Kenny Aronoff, author of Sex, Drums, Rock ‘n’ Roll!, sat down with the Indy Star to discuss his book including his time during the John Mellencamp era. Check out an excerpt of the interview below.
In his new autobiography, Sex, Drums, Rock ‘n’ Roll!, Kenny Aronoff pulls back the curtain on the dangers of being a Hoosier rock star in the 1980s.
Aronoff writes about the time John Mellencamp survived a motorcycle crash one week before the recording of breakthrough album “American Fool.” Toby Myers, who played bass in Mellencamp’s band from 1982 to 1998, lost a toe in a boating accident during an East Coast tour. In an episode that parallels music movie “Almost Famous,” the entire Mellencamp entourage could have died when a charter plane lost power between Miami and Biloxi, Miss.
And everyone in the band was required to participate in a fall pastime known as the Mellencamp Football League. No pads, full contact, highly competitive.
But there’s more than misadventure detailed in “Sex, Drums, Rock ‘n’ Roll,” which arrived in bookstores Nov. 15. Aronoff, the drummer in Mellencamp’s band from 1980 to 1996, mostly writes about an unyielding mission to succeed.
“We weren’t the best rock ’n’ roll band in the world,” Aronoff said in a phone interview. “We made ourselves great by hard work.”
Mellencamp, who sold 16 million albums from 1982 to 1987, maintained regular rehearsal hours for the musicians: 11 a.m. to 11 p.m., interrupted by a 5-7 p.m. break, five days a week when the band wasn’t on tour.
Before the Seymour native renovated a Brown County house into Belmont Mall studio, Mellencamp worked at “The Bunker,” a cramped, concrete room in rural Bloomington that once was a dog kennel.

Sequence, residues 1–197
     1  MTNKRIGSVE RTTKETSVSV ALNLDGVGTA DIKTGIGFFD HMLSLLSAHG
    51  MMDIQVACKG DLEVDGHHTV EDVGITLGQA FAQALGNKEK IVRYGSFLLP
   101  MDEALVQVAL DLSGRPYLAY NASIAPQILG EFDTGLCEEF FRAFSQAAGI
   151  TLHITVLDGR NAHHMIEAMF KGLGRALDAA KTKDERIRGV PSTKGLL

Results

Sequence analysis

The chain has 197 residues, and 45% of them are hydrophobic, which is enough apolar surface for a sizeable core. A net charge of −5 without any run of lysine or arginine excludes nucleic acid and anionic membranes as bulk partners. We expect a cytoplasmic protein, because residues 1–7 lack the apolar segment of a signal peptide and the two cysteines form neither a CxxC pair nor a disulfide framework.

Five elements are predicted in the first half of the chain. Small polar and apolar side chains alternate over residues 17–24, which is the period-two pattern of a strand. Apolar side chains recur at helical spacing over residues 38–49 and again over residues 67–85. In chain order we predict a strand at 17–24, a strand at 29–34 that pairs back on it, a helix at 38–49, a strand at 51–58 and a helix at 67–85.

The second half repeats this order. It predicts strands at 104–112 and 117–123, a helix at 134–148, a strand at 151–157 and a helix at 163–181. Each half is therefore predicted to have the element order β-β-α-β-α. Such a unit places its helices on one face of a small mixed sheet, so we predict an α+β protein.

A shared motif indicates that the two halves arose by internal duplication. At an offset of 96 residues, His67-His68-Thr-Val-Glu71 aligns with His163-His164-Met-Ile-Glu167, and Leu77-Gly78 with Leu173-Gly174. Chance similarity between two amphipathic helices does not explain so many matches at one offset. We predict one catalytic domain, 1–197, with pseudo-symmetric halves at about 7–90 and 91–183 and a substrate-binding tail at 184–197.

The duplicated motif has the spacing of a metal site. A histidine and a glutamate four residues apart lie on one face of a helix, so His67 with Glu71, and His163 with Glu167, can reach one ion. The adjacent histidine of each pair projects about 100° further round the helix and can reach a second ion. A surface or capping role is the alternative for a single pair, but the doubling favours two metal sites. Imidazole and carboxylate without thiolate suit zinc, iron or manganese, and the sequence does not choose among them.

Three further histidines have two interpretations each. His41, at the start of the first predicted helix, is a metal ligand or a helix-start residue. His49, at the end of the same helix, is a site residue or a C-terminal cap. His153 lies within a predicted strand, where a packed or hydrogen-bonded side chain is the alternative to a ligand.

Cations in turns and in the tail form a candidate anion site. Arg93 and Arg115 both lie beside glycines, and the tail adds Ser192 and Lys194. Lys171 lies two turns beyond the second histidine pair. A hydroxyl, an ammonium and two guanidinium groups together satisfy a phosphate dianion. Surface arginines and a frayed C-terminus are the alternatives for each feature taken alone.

Those were days, Aronoff said, when the musicians grasped for the secret of making hit records. They took a field trip to catch a date of Bruce Springsteen’s “The River” tour. They studied Tom Petty’s “Damn the Torpedoes” album for tips on arranging songs.
Mellencamp, known then as John Cougar, had written a song called “Jack & Diane.” It wasn’t working, however, as anything other than a stripped-down solo acoustic tune.
“We knew it was a cool song, but we didn’t know what to do with it,” Aronoff said.
John Mellencamp, center, points his American Music Award at guitarist Larry Crane after collecting an American Music Award in 1983. Drummer Kenny Aronoff, author of 2016 book “Sex, Drums, Rock ‘n’ Roll,” is seen at right. Bass player Toby Myers is second from left, and guitarist Mike Wanchic is to the left of Aronoff.
Working at Miami’s Criteria Studios with producer Don Gehman, the Mellencamp crew heard the Bee Gees experimenting with an early drum machine, the Linn LM-1 Drum Computer, in a nearby room.
Aronoff said Gehman borrowed the Linn “out of desperation” for a potential fix for “Jack & Diane.”
“I was insulted,” Aronoff said. “I grabbed the thing out of anger and said, ‘At least I want to have control over this thing.’ ”
Aronoff programmed the hand-clap beat heard during the first half of the song, and he added the distinctive midsong solo on conventional drums. “Jack & Diane” reached No. 1 on Billboard magazine’s Hot 100 chart in October 1982.
Click HERE to read the entire interview.